Self Driving Cars Tackling Complex Roads in Canada
Self-driving cars are not yet legal for widespread use in Canada, but they are being tested by several companies. Tesla is undertaking tests in old St. John’s, Newfoundland and the video is impressive. CBC News has reported on Joshua Green who has been conducting testing in the city in his Tesla Model Y. The tests are going smoothly in full self-driving mode.
All Teslas are equipped with autopilot which provides limited self-driving capabilities. Self-drive mode allows the car to make lane changes, obey traffic lights, and it even turns the wipers on and off as required. This is all possible by programming your destination into the computer system and pressing the button. You then sit back and watch the world go by.
Tesla reports that the full self-drive software has been in North America for all of 2022 but has only been rolled out for testing in Canada with about 1000 people testing the software in beta mode now.
The term ‘beta’ refers to the fact that the software may have a few kinks in it still. These kinks are found and fixed through extensive testing which the driver-equipped self-driving cars should provide. If the reports of Mr. Green are true, then there doesn’t seem to be much left to do. He says the car manages the maze-like streets and heavy snow well.
When in self-drive mode the human driver sits in the car behind the wheel and the system is overridden if the wheel is grabbed. The self-drive system also shuts off if he stops watching the road or begins fiddling with his phone.
Tesla sells all its cars now with the hardware for self-drive mode:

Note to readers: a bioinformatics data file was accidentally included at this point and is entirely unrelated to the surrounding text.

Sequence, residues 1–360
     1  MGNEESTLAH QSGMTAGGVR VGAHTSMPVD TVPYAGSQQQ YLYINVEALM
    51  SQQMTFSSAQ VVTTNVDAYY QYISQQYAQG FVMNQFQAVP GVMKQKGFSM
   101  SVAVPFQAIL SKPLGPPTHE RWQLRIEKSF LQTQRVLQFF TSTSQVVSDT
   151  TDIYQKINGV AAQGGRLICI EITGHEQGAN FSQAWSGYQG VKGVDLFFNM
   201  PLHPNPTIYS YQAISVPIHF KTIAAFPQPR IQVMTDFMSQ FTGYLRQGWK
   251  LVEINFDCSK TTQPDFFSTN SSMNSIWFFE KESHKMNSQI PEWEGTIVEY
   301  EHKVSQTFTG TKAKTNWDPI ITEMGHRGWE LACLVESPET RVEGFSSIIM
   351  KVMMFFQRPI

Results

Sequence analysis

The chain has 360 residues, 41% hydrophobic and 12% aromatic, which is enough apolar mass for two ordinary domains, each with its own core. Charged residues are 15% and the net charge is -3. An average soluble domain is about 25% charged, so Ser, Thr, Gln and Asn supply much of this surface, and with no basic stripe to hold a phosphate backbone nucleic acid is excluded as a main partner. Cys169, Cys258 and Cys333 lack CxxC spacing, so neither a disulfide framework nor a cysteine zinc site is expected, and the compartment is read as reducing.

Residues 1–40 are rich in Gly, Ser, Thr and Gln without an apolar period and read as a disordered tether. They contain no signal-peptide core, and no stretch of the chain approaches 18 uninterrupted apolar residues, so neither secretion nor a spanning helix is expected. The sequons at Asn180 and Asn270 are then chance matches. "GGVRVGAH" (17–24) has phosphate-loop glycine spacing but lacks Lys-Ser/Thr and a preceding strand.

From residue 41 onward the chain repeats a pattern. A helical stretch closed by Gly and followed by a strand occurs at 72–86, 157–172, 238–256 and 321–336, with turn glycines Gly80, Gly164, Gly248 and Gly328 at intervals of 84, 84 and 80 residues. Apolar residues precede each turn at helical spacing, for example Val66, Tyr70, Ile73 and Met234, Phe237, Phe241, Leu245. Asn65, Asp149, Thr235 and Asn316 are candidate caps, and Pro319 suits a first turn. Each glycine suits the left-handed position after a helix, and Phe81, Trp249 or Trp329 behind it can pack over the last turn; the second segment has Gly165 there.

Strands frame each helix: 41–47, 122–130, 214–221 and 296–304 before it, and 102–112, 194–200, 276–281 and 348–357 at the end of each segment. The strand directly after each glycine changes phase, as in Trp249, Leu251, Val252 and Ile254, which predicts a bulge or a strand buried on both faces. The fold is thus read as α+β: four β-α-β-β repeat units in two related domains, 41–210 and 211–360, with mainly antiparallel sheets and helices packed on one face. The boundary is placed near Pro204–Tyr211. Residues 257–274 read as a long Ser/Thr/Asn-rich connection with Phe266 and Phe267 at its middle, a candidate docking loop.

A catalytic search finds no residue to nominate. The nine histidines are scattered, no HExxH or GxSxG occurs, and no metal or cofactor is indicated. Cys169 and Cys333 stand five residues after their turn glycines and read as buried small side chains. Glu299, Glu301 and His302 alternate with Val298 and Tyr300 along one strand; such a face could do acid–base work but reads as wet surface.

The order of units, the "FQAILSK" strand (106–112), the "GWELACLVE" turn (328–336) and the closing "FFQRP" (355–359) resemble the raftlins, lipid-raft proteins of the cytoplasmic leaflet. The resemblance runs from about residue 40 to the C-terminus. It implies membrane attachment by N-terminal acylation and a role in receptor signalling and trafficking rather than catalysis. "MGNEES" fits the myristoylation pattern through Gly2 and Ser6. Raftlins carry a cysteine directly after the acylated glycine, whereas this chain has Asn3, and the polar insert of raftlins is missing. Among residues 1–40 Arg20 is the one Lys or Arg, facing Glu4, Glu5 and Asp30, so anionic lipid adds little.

All new Tesla cars have the hardware needed in the future for full self-driving in almost all circumstances. The system is designed to be able to conduct short and long-distance trips with no action required by the person in the driver’s seat.
The future use of these features without supervision is dependent on achieving reliability far in excess of human drivers as demonstrated by billions of miles of experience, as well as regulatory approval, which may take longer in some jurisdictions. As these self-driving capabilities are introduced, your car will be continuously upgraded through over-the-air software updates.
Tesla cars come with a full suite of standard safety features including automatic emergency braking, side collision warning, front collision warning and automatic high beams. They claim that their neural net based AI provides a more complete picture of the road than a driver can access.
The promise of driverless cars is certainly enticing. Have you driven or ridden in a car with self drive or assisted driving technology? What did you think? Were you feeling safe or hesitant? Let us know in the comments below.
You can read all about Tesla’s autopilot mode and self-drive mode here.
If you or a loved one has been injured in a collision or car accident involving a self driving vehicle you should contact one of our experienced personal injury lawyers today at Deutschmann Personal Injury and Disability Law today for a free initial consultation. We are here to help you secure your future.